Monday afternoon was mildly busy at our neighborhood indoor play area, not chaotic, but noisy and full of 2-3 year olds darting about. Simon spent a good amount of time at the train table, as he typically does, and I sat, rocking, spacing out, until a couple of the younger boys ended up near the train table and had a few loud, tense moments. I couldn’t see the table from where I was sitting, or I probably would have stayed put, but knowing Simon’s difficulty with noise and kids, I headed over to be sure he didn’t bean someone with a train. One boy dressed as batman kept snatching trains from the other little one, who would proceed to wail until Batman handed it back, at which point he instructed the aggrieved party to say “thank you Batman.” Simon kept a wary eye on them and kept moving his trains around the tracks until Batman moved on and took a train from Simon.
He froze. He didn’t say anything or move for a moment, and I froze too, waiting to see if he would hit, grab, scream, or turn away, letting Batman have the train. He just held his hand out, and Batman obliging handed him the train back. “Thank you.” Simon told him, and the other boy corrected him, saying “Say thank you BATMAN. You have to say thank you Batman.” Simon, not being one for pretending, costumes, or superheroes, paused with a pained look, then said “thank you” again. “NO, say thank you Batman!” Batman insisted. He was getting louder and closer to Simon’s body, so I stepped in explained to Simon what the little boy wanted. He did it, but he didn’t like it.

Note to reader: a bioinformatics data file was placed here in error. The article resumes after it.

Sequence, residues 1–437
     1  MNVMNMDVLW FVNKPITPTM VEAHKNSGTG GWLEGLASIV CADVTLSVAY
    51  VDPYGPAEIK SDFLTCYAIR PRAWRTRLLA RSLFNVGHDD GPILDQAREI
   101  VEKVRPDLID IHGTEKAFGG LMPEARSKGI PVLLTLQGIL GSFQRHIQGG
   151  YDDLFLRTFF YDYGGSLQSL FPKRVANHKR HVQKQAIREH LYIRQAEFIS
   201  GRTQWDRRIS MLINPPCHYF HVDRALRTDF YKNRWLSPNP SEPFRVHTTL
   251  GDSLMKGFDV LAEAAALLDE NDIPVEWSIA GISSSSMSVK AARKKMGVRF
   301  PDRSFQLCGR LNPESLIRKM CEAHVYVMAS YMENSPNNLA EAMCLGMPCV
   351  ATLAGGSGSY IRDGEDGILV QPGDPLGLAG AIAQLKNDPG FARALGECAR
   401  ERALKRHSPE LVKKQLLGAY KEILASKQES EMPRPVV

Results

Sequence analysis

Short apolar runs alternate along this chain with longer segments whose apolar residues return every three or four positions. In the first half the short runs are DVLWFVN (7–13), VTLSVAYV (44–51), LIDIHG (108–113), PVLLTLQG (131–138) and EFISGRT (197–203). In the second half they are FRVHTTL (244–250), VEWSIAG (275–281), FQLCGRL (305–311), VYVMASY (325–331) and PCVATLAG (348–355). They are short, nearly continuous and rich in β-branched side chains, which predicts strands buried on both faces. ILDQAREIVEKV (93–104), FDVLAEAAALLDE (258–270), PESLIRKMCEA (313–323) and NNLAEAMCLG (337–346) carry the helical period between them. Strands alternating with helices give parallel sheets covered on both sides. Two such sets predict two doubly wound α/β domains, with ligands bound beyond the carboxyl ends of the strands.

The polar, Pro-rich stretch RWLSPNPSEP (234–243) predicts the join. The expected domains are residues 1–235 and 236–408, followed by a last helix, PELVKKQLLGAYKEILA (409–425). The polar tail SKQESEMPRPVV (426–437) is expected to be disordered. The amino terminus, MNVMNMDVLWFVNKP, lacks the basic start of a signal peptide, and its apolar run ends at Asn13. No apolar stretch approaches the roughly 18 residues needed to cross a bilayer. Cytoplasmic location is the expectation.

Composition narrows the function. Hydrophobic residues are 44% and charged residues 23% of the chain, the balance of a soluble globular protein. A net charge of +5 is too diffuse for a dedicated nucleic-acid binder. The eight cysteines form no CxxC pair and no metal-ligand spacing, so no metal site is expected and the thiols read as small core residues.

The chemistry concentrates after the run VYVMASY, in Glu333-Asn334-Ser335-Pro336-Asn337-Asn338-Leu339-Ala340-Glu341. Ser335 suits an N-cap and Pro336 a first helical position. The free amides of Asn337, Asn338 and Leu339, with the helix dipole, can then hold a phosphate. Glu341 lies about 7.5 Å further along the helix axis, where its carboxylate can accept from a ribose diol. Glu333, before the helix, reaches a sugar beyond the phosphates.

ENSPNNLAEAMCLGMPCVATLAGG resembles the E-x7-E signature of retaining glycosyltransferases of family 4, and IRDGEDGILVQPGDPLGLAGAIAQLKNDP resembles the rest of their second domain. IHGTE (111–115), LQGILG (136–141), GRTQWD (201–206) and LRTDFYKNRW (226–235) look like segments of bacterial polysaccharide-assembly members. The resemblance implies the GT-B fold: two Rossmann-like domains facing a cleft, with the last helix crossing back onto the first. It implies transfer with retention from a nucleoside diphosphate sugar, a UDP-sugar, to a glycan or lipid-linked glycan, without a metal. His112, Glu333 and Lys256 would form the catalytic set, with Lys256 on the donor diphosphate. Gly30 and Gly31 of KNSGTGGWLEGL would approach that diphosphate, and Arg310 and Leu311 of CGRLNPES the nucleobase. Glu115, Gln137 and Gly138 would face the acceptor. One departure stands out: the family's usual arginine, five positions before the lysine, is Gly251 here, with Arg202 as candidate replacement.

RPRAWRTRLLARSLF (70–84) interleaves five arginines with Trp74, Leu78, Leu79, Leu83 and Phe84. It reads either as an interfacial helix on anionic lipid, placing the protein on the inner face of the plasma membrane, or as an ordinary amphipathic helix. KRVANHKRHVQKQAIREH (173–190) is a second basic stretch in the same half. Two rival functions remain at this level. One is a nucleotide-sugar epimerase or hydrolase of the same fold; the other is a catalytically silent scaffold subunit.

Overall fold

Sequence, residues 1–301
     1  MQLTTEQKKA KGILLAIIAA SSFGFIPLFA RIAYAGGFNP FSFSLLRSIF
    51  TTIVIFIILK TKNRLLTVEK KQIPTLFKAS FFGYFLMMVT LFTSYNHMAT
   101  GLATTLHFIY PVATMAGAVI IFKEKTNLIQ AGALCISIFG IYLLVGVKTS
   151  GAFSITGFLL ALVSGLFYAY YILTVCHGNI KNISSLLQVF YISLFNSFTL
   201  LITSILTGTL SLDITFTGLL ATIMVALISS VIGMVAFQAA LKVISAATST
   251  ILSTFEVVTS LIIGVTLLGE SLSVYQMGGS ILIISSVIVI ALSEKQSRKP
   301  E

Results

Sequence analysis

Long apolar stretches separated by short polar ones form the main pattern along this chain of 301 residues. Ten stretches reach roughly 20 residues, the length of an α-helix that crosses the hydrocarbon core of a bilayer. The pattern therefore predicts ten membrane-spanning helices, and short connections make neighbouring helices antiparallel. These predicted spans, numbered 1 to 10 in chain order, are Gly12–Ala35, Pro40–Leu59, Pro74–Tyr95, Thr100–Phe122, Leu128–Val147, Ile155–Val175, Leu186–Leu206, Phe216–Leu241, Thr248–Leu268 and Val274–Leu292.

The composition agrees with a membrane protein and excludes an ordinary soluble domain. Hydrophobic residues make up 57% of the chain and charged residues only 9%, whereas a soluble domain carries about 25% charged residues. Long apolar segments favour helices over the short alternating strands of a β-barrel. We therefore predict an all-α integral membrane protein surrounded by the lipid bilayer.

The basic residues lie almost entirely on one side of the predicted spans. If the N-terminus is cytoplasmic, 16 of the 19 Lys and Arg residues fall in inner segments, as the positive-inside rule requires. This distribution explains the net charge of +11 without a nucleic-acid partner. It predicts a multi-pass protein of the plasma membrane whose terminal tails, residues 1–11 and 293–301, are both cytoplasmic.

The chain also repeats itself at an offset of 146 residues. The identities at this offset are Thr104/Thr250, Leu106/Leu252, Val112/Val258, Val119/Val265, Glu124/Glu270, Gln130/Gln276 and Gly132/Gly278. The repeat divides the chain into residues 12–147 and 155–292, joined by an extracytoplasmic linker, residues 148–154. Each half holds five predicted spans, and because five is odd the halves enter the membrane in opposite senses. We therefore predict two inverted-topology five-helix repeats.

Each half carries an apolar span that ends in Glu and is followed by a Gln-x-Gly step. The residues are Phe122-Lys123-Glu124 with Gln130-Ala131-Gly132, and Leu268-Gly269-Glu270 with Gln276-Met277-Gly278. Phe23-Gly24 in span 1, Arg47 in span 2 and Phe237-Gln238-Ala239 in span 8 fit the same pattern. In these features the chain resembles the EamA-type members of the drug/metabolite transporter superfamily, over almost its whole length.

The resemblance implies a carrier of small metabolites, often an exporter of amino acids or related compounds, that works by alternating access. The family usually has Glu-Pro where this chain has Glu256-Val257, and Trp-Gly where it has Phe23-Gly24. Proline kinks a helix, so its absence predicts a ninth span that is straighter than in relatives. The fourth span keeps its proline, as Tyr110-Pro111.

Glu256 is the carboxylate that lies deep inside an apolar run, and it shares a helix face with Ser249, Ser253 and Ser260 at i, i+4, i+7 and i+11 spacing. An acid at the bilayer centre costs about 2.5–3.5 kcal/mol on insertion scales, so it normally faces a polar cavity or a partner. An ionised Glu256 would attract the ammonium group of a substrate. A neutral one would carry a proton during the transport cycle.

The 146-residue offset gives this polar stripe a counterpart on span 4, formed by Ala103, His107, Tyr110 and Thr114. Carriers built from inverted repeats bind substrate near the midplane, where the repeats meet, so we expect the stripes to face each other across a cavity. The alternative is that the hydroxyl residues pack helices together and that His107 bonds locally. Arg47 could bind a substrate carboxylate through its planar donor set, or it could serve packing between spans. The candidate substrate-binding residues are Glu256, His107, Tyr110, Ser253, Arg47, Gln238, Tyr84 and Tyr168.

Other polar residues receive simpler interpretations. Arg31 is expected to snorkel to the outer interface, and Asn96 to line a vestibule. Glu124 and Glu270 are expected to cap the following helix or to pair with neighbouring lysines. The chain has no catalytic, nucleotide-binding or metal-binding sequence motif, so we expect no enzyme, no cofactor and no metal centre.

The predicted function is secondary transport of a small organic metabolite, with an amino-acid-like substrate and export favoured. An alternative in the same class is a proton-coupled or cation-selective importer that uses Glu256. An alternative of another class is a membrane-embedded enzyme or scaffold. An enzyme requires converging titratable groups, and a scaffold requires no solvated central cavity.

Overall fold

We moved around, playing in the quiet play room, the big kid room, and eventually back to the train table. There were several kids there, and he didn’t like trying to play around them. Simon stood near the table, trying to decide whether to stick it out or find another place to play, when Batman ran up. “You’re a superhero too!” He shouted. Simon’s eyes got bigger and his body stiffened. “We have to save people. Let’s go save people!” He yelled, inches from Simon’s face, and – terror of terrors for my son – pulled on his arm.
Simon sobbed. Not a meltdown sort of scream or yell, not a shout or a whine that are typical of him. He really, truly cried. I held my arms out and he ran over to me. I think he might have said “he hurt me” as he smashed his face into my shoulder, but it was too muffled to be sure. He stayed there for a long time, holding tightly to my body and snotting my sleeve. After some time he calmed down and went back to the empty big kid room to play, and spent the rest of the day asking why the boy pretended to be Batman, how it wasn’t fun for him, and it wasn’t fun to kids or grownups.